Total. Game. Changer.

I don't expect this to be an easy transition. It's been almost 5 years since I've been on a bus and I'm still going to need to plan routes, timing, and transfers ahead of time. But within time, I fully expect, both Emy and I, to be as comfortable riding buses as we are calling Uber or my dear "chauffeurs."

Public Transportation. Can you imagine the stories I'll have to share?!

Wednesday, November 18, 2015

Big Changes are a Coming

It seems as if our house is always in a state of fluctuation and change. Perhaps this is the way that most couples feel, but I honestly believe there has never been a time where Josh and I looked at one another, sighed in boredom, and expressed a need to shake things up.  Big, earth-shattering, life-altering changes that come out of nowhere and tilt our world upside-down are kind of our norm.

We've become so accustomed to this periodic upheaval that we barely make an effort to fight the inevitable outcome beyond our control. At least we try not to. And, I dare say that while we may have even reached a place where we can generally roll with just about anything.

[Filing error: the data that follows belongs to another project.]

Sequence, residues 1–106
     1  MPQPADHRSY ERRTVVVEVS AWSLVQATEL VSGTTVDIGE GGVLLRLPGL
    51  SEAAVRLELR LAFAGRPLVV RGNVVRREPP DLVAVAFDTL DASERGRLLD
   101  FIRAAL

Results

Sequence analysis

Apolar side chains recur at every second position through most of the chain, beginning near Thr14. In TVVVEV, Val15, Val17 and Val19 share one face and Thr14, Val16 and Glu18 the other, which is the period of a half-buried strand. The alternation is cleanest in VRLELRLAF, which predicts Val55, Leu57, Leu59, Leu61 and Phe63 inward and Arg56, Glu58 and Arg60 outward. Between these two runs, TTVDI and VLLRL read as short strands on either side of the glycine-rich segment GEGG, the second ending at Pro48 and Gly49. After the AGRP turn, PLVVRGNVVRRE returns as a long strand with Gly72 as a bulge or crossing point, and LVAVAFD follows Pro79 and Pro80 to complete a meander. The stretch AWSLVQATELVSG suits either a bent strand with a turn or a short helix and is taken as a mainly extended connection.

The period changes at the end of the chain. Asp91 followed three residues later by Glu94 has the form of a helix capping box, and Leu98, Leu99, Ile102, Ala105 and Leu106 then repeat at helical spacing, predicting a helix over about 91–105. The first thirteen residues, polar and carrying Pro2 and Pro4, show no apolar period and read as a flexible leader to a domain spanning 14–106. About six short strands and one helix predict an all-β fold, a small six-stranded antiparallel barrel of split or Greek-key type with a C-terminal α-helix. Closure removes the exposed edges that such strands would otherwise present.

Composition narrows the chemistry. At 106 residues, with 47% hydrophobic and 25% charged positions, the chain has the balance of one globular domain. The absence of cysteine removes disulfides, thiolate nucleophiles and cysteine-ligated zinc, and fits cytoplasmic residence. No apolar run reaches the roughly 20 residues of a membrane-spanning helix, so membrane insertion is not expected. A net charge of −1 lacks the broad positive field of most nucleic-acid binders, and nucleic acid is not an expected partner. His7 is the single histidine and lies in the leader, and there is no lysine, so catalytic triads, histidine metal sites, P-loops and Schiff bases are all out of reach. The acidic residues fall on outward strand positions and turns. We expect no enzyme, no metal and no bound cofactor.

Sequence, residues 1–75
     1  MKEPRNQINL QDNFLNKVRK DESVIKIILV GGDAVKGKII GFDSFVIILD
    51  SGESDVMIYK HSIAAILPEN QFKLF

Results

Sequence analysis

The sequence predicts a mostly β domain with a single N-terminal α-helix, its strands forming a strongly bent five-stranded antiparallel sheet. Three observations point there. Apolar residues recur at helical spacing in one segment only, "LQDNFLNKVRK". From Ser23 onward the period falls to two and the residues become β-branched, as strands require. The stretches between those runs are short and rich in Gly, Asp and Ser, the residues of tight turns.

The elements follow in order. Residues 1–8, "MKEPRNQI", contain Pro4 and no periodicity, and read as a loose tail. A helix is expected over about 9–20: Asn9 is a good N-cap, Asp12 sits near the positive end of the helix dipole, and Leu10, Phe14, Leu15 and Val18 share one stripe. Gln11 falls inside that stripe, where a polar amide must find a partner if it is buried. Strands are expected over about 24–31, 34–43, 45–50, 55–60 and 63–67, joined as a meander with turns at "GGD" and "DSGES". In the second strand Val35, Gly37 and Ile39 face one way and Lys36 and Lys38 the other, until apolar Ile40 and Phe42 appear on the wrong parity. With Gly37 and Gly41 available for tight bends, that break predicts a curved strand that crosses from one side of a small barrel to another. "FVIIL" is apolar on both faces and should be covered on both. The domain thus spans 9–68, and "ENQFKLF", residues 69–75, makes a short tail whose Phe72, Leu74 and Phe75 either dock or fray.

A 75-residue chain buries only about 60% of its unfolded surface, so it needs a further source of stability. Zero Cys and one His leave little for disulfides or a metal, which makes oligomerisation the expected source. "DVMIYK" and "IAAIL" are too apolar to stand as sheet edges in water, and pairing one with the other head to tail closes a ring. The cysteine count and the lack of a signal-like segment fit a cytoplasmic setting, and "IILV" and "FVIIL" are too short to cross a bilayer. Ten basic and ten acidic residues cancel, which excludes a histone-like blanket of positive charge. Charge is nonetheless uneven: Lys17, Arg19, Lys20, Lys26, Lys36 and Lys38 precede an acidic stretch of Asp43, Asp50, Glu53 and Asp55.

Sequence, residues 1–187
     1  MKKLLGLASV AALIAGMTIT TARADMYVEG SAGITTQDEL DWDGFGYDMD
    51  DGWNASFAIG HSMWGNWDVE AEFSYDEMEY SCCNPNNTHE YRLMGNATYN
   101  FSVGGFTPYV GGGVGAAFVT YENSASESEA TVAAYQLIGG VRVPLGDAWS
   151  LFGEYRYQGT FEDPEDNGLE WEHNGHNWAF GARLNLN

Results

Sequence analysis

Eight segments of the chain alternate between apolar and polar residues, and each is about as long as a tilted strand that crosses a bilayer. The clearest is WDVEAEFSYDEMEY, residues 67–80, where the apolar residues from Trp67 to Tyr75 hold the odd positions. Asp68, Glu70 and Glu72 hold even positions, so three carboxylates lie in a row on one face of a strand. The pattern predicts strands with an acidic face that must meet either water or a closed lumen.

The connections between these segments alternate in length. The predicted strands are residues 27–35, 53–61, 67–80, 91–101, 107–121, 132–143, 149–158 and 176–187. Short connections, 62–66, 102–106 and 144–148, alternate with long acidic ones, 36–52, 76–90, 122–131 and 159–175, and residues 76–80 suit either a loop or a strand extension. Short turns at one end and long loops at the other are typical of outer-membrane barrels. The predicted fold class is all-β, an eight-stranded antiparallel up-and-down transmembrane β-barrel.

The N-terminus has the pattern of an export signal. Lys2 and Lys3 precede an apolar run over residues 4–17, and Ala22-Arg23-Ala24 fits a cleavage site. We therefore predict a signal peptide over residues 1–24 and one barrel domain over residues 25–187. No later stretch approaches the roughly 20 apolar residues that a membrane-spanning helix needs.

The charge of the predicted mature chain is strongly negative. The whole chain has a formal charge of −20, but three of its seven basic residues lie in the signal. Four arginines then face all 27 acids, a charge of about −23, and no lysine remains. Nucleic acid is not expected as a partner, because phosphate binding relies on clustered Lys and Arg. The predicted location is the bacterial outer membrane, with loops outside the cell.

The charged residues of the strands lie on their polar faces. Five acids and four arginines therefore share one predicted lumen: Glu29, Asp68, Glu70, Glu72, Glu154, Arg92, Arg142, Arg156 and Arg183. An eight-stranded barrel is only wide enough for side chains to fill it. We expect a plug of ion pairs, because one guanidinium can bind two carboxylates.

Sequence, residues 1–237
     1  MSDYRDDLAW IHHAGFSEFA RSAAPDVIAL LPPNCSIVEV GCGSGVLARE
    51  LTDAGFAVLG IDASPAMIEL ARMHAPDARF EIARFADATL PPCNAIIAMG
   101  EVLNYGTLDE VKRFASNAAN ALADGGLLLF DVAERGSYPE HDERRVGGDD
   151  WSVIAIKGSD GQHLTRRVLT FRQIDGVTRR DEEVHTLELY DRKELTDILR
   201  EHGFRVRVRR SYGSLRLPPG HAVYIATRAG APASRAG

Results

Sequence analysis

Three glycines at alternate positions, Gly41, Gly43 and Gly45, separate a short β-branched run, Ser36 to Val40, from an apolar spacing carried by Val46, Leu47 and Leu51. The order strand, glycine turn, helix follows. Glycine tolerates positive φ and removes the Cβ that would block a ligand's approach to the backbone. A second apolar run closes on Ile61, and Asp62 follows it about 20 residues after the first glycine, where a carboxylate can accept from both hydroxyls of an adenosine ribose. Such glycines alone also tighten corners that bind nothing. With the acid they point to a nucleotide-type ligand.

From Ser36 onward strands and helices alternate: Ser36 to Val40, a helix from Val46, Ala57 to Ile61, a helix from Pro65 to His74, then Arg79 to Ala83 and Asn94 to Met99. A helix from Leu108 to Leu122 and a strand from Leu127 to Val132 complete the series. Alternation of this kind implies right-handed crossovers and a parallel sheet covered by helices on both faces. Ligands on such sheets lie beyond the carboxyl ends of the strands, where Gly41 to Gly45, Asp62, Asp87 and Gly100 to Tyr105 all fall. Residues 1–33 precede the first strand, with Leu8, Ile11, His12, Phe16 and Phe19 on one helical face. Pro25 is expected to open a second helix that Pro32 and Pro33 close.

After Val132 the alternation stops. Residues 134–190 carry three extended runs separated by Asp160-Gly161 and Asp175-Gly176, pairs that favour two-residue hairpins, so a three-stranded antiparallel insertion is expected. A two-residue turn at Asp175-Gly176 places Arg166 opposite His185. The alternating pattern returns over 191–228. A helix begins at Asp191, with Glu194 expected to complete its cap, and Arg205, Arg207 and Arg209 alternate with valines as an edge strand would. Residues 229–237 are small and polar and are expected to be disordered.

What we are not used to is slow, gradual, thought-out deliberate change. Change that is thought out, decided on, pursued, but involves a lot of patience. At least I am not good at this. I shouldn't speak for my husband on this matter, because he is a BIG PICTURE kind of guy, and can see the forest through the trees or whatever, so he doesn't have my tenancies towards feeling anxious and uneasy while we wait for the change to take place.

For the past 7 moths we've been in this ambiguous place between rolling with it and patiently waiting. Josh has been job-hunting and his search led to many possible positions all over the United States. From Texas, to Washington, to North Carolina, to Kentucky, to Minneapolis, it really seemed as if we would be moving out of state.